1930s Fashion Designers Predict How People Would Dress in the Year 2000

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From 1930 to 1941, Pathetone Weekly ran film clips that highlighted ‘the novel, the amusing and the strange.’ At some point during the 1930s (the exact date isn’t clear), Pathetone asked American designers to look roughly 70 years into the future and hazard a guess about how women might dress in Year 2000.


Hear the Only Castrato Ever Recorded Sing “Ave Maria” and Other Classics (1904)

≡ Category: History, Music |2 Comments


Every human culture has practiced some form of ritual mutilation, from the mild marring of a Spring Break tattoo to the disfigurement of foot-binding. On the more extreme end of the scale, we have the early modern European practice of castrating young boys to inhibit growth of their vocal cords and thyroid glands during puberty.


1,000 Vintage Postcards Show Famous Actors Performing Shakespeare’s Plays from 1880 to 1914

≡ Category: History, Photography, Theatre |1 Comment


We’ll never fully know how anything looked in Shakespeare’s time, much less how the Bard’s own plays did when first performed on the stage of the Globe Theatre.


Hear Ernest Shackleton Speak About His Antarctic Expedition in a Rare 1909 Recording

≡ Category: History |1 Comment


What more harrowing story has the history of twentieth-century exploration produced than that of Ernest Shackleton‘s disastrous Imperial Trans-Antarctic Expedition of 1914-17? With one of their ships, the appropriately named Endurance, crushed by pack ice, Shackleton and company had to spend years far outside civilization, living in m


The Atlantic Slave Trade Visualized in Two Minutes: 10 Million Lives, 20,000 Voyages, Over 315 Years

≡ Category: Animation, Education, History, Online Courses, Podcast Articles and Resources |5 Comments

Not since the sixties and seventies, with the black power movement, flowering of Afrocentric scholarship, and debut of Alex Haley’s Roots, novel and mini-series, has there been so much popular interest in the history of slavery.


Filmmaker Ken Burns Urges Stanford Graduates to Defeat Trump & the Retrograde Forces Threatening the U.S.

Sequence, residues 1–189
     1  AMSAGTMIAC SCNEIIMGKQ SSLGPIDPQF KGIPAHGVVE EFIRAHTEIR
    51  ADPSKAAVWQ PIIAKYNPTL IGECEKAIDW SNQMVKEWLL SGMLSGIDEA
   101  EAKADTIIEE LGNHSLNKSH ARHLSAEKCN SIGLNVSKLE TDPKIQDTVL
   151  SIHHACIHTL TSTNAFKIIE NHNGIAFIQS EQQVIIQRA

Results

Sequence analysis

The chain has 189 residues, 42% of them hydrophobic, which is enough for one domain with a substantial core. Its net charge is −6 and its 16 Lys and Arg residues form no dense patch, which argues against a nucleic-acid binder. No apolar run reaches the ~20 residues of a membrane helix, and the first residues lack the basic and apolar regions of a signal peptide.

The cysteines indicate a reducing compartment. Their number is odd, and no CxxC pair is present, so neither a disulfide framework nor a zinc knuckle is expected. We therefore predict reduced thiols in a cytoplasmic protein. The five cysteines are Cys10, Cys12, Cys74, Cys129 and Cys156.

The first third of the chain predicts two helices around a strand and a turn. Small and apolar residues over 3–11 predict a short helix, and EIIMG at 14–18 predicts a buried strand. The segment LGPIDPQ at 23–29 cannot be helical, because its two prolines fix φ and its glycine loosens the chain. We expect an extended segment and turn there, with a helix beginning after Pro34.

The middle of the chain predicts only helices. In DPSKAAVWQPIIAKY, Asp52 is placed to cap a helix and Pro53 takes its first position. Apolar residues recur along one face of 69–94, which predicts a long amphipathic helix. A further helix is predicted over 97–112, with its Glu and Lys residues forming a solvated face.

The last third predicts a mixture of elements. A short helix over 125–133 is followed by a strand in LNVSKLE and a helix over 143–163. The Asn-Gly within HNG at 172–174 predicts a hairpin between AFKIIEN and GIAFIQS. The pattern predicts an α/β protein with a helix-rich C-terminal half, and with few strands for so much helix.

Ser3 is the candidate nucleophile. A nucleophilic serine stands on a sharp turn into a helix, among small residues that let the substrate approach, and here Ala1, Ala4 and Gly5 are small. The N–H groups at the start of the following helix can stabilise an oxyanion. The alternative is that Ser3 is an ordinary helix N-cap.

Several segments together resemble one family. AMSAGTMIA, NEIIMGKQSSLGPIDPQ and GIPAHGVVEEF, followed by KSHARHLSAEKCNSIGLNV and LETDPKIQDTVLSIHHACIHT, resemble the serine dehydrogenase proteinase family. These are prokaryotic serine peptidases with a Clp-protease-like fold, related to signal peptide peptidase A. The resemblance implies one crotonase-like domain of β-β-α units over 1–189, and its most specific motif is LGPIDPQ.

≡ Category: Graduation Speech, History, Politics |8 Comments

This time of year, we see graduation speeches popping up all over the web. The commencement address as a genre focuses on the opportunities, challenges, and responsibilities graduates will face post-college, and often espouses timeless life lessons and philosophies.


“Forbidden Images,” a Compilation of Scandalous Scenes from the Early Days of Cinema (NSFW in 1926)

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Last night I caught a screening of Park Chan-wook’s new movie The Handmaiden, whose daringly frank love scenes — by the standards of mainstream cinema, at least — have already drawn no small amount of international notoriety.


Malcolm Gladwell Has Launched a New Podcast, Revisionist History: Hear the First Episode

≡ Category: History, Podcast Articles and Resources |4 Comments

Malcolm Gladwell has a podcast. Some of you will require no further information, and in fact have already clicked over to iTunes (or another podcast downloading application of your choice), desperate to download the first episode.


1978 News Report on the Rocky Horror Craze Captures a Teenage Michael Stipe in Drag

≡ Category: Film, History |Leave a Comment

The impact of The Rocky Horror Picture Show in the ‘70s came from a perfect cocktail of several time-specific ingredients: A liberated, post-’60s generation of young people emboldened by glam and the sexual revolution finding their voice; the proliferation of cinemas that found that midnight screenings were good for business; and the


The Books on Young Alan Turing’s Reading List: From Lewis Carroll to Modern Chromatics

≡ Category: History, Math, Physics |Leave a Comment


Image via Wikimedia Commons
We now regard Alan Turing, the troubled and ultimately persecuted cryptanalyst (and, intellectually, much more besides)—who cracked the code of the German Enigma machine in World War II—as one of the great minds of history.


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